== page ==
Varnish Cache is a reverse web proxy caching system. This system’s main objective is to act as an operator or a virtual security guard. It will act as an operator by intercepting every single web request prior to them reaching your web server or Apache. Varnish is a web accelerator that is written with flexibility and performance in mind. Its modern day architecture allows it to produce higher performance than other competing systems.
Varnish’s Main Objective
The main objective behind Varnish is serve pages fast in order to give a website a significant boost in speed. Varnish is considered an HTTP accelerator. It is designed specifically for a dynamic range of content heavy websites. Unlike other popular HTTP accelerators that were produced on the side of the client cache, Varnish was created as an HTTP accelerator. In contracts to proxy servers that support network protocols such as SMTP and FTP, this system is focused exclusively on HTTP.
The History of Varnish Cache
The project was originally initiated by an online branch of the Norwegian tabloid newspaper called Verdens Gang. The lead developer and architect is an independent Danish consultant, Poul-Henning Kamp who is also a popular Free BSD core developer. Additional development and management infrastructure were provided by the Norwegian Linux consulting company known as Linpro. The development, management, and support of Varnish were spun off later into a separate company called Varnish Software.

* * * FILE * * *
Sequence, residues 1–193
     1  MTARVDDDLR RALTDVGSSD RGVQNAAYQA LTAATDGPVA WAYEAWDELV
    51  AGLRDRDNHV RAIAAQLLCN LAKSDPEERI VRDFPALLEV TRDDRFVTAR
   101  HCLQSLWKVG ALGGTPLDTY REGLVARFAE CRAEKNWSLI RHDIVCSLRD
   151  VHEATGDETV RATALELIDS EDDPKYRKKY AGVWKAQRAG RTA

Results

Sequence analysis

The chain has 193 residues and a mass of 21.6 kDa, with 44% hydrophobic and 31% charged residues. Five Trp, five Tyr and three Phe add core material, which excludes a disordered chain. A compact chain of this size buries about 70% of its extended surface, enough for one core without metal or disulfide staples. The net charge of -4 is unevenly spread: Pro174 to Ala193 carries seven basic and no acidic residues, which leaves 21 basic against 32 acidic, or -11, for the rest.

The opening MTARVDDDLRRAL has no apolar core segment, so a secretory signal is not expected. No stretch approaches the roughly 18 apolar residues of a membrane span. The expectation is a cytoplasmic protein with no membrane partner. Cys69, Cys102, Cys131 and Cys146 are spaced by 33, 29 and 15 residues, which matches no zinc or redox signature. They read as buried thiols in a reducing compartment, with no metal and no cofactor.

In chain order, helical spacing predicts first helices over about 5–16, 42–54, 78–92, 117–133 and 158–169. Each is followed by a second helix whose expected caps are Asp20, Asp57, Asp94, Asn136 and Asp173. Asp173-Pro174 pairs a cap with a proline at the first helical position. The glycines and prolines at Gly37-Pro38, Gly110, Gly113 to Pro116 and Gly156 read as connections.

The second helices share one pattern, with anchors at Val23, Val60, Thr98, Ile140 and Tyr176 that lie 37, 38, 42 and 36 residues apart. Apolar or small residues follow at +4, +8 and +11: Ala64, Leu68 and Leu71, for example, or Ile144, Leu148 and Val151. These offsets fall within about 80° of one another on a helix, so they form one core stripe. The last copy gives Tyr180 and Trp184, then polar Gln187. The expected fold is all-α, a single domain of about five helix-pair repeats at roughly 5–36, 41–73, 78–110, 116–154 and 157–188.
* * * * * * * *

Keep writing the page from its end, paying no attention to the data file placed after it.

Originally Varnish was released back in 2006 as the version 1.0 of Varnish. The upgraded version known as Varnish 2.0 made its debut in 2008. In 2011 Varnish 3.0 was released.
How Varnish Works
Varnish works by storing web pages in memory so that web servers do not have to produce the same web page repeatedly. It tends to avoid storing cache onto the hard drive. In storing its cache in memory, this system is able to server hundreds of more consecutive requests every second.
Benefits of Varnish
This caching system also has a variety of other advantages and benefits including data base request for content in “real time”, saving more CPU time, and file look-ups. There is a range of other benefits from using Varnish including but not limited to:
- Enhance user experience: With Varnish you will be able to reduce the load time of your website and increase the time your users will spend on the site.
- Improved resilience in regards to failures: Varnish can continue to serve content that is already residing in it cache even if a website owner is experiencing problems with his or her website. This means that Varnish can help to protect you revenue stream.
- Decreased power usage: Serving a page using Varnish takes only about 1% of the resources when serving it from PHP or a similar scripting language.
Web Requests While Using Varnish
More often than not, web requests will usually produce the exact same repeated responses. In a situation like this, the response should ultimately be cached and served fast without consuming any additional resources. However, in the situation that a response hasn’t been cached, a request will be able to pass through to the required resources necessary to produce a response that is cacheable.
Web Requests Without Using Varnish
If you look at a web request while not using Varnish, then multiple database connections and PHP threats may end up producing an increase in CPU consumption. It can also increase response latency.
Varnish Cache Features
Varnish Cache provides users with functionality and is customizable in order to get any job done. It offers a variety of different tools and features, including but not limited to:
- Gzip uncompression and compression
- DNS, Hashing, Random and Client directors that are IP-based
- Grace and saint mode
- Technology preview in regards to HTTP Streaming Pass and Fetch
- Support for persistent storage (excluding LRU eviction)
- Support for Edge Side Includes such as stitching compressed ESI fragments
- Support for plugins with Varnish Modules, also referred to as VMODs
Additional Information on Varnish